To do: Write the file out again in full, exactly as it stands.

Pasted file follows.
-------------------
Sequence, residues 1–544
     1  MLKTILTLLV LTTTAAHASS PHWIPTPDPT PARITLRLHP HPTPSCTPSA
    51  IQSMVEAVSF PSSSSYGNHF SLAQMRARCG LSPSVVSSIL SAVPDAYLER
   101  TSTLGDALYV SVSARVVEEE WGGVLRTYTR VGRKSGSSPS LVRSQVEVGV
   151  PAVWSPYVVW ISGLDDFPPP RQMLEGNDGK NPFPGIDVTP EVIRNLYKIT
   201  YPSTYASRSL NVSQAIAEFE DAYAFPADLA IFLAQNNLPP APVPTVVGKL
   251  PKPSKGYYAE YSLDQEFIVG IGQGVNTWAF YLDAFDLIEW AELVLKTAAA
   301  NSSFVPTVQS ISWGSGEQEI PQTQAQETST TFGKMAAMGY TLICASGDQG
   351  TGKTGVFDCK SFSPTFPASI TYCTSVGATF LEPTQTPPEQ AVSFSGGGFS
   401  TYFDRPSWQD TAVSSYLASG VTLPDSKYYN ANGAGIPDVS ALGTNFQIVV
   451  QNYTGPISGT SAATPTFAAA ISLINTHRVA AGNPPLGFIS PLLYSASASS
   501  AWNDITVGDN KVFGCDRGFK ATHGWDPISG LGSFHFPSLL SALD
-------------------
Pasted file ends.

Sequence, residues 1–544
     1  MLKTILTLLV LTTTAAHASS PHWIPTPDPT PARITLRLHP HPTPSCTPSA
    51  IQSMVEAVSF PSSSSYGNHF SLAQMRARCG LSPSVVSSIL SAVPDAYLER
   101  TSTLGDALYV SVSARVVEEE WGGVLRTYTR VGRKSGSSPS LVRSQVEVGV
   151  PAVWSPYVVW ISGLDDFPPP RQMLEGNDGK NPFPGIDVTP EVIRNLYKIT
   201  YPSTYASRSL NVSQAIAEFE DAYAFPADLA IFLAQNNLPP APVPTVVGKL
   251  PKPSKGYYAE YSLDQEFIVG IGQGVNTWAF YLDAFDLIEW AELVLKTAAA
   301  NSSFVPTVQS ISWGSGEQEI PQTQAQETST TFGKMAAMGY TLICASGDQG
   351  TGKTGVFDCK SFSPTFPASI TYCTSVGATF LEPTQTPPEQ AVSFSGGGFS
   401  TYFDRPSWQD TAVSSYLASG VTLPDSKYYN ANGAGIPDVS ALGTNFQIVV
   451  QNYTGPISGT SAATPTFAAA ISLINTHRVA AGNPPLGFIS PLLYSASASS
   501  AWNDITVGDN KVFGCDRGFK ATHGWDPISG LGSFHFPSLL SALD